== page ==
What can majorities do to make minorities feel included in the workplace?
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As part of the inaugural Diversity Leaders list which ranks companies in terms of their diverse and inclusive workplace, we ask four experts for their views on what can majorities do to make minorities feel included.
The FT has not been considered for the list to avoid any potential conflict of interest. But we asked Priscilla Baffour, our head of diversity and inclusion, for her suggestions on how majorities within organisations can make minorities feel more included in the workplace. She joined the FT in March from UK broadcaster ITN with a wealth of experience in helping to increase diversity in UK media, including Channel 4.
Priscilla Baffour, global head of diversity and inclusion, FT
There is no silver bullet. What many organisations do is look at the top of a list like this one, and copy and paste what others have done. But every organisation needs to do what suits them. My best piece of advice is to try things out first, then roll them out more widely. Conversely, don’t discount something unless you’ve tried it.
Make sure you listen to your people. Ask them what it feels like to come from an under-represented group and work at, say, the FT. Take the term Bame for instance: black, Asian, mixed race, all get grouped together under that. But the challenges are different for an Asian man compared with a black woman. When we talk about the gender pay gap, is a woman of colour included in that conversation?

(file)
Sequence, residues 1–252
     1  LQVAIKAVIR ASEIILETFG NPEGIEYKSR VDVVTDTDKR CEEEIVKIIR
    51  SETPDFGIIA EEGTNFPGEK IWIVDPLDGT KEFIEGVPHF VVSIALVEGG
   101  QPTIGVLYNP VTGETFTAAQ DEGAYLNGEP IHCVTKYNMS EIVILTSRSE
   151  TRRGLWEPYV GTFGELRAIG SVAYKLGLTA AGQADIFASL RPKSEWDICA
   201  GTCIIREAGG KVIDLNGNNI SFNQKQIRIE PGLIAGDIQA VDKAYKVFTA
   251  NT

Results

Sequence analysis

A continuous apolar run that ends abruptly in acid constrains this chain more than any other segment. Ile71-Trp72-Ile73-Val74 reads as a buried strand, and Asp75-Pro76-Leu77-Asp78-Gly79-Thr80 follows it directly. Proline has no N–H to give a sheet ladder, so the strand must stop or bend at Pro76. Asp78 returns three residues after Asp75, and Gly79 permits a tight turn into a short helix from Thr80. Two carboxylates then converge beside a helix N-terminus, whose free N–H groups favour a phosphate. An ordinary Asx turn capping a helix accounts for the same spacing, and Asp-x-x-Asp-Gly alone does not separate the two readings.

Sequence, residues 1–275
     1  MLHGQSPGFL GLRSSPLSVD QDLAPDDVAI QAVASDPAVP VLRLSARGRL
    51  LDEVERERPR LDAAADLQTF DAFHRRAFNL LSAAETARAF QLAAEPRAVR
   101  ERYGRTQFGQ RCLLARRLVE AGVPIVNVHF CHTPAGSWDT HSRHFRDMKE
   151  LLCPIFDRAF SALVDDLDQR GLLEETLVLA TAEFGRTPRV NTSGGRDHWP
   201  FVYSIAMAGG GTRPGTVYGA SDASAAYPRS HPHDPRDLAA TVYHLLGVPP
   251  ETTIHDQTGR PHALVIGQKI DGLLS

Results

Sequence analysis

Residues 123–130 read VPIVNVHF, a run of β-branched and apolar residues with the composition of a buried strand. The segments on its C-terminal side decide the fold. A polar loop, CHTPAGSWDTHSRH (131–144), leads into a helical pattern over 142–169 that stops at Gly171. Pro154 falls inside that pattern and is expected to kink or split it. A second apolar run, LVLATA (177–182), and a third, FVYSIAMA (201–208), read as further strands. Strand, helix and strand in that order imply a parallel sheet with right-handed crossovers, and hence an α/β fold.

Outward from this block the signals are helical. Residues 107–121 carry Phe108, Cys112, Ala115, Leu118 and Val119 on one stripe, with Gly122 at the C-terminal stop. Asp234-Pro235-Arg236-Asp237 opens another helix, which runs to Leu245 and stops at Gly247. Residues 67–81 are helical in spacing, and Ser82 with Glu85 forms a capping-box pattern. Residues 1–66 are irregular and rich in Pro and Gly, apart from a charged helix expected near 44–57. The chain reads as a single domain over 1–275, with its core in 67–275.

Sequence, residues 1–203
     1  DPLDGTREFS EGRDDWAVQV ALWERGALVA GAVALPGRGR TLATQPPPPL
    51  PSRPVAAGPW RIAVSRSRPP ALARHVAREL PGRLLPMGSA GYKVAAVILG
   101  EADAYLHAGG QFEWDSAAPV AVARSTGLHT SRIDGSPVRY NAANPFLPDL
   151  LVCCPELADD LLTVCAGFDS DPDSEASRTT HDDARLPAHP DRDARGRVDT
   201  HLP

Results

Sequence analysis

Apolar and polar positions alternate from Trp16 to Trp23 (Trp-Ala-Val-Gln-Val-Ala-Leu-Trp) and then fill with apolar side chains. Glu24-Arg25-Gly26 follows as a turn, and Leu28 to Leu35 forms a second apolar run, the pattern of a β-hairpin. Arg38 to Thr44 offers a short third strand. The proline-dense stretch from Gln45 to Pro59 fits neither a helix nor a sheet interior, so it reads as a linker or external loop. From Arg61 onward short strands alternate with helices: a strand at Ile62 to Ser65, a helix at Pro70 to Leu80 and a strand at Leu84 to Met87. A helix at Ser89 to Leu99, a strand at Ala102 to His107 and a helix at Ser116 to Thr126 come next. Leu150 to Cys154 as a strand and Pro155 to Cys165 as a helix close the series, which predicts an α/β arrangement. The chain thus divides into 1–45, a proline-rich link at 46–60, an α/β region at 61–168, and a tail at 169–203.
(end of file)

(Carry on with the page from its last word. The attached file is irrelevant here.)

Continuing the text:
One thing I have seen work very well is reverse-mentoring — that goes back to listening to someone’s individual experience. That can work especially powerfully when the more senior colleague sponsors the junior colleague and opens up their network to them. A lot of diverse talent, for example, can feel that somebody has made a compromise to hire them, and that their hiring is therefore a bit of a gamble. [That changes completely] if instead you say ‘we’ve hired this person and they’re brilliant’ and they’re not even in the room to hear it.
Having a coffee with somebody who looks different to you means not only that you will learn a lot, but the person you are sponsoring will learn what it’s like to operate at a high level. A lot of talent doesn’t realise how difficult it can be for leaders to make changes, which is another reason this can be helpful.
But this is still not a silver bullet because things such as awareness, education, and training are equally important. Lots of organisations are doing unconscious bias training, for example. This helps us to understand what our biases are and how to address them.
The follow-up, however, is essential because if you know what your biases are, then bias is no longer unconscious.
This is why you have to constantly challenge yourself.
Benoit Montet, international HR research expert, Top Employers Institute, Amsterdam
What I call “Google diversity” is visual. It’s very efficient but there is little diversity in terms of age or social background.
Such employees, who are to be found at Big Tech companies for example, all look different and diverse. They feel fully included and their differences are accepted.
But they share more things than differentiate them from the mainstream: they all come from the best universities, have international experience and have travelled; they come from educated families and speak fluent English.
In sum, they already share the same social codes. We often notice that there is more difference that separates the workforce in a capital city from that of a remote city in the same country, than between two capitals of very different countries. Getting to know each other is often the best way to respect and understand differences.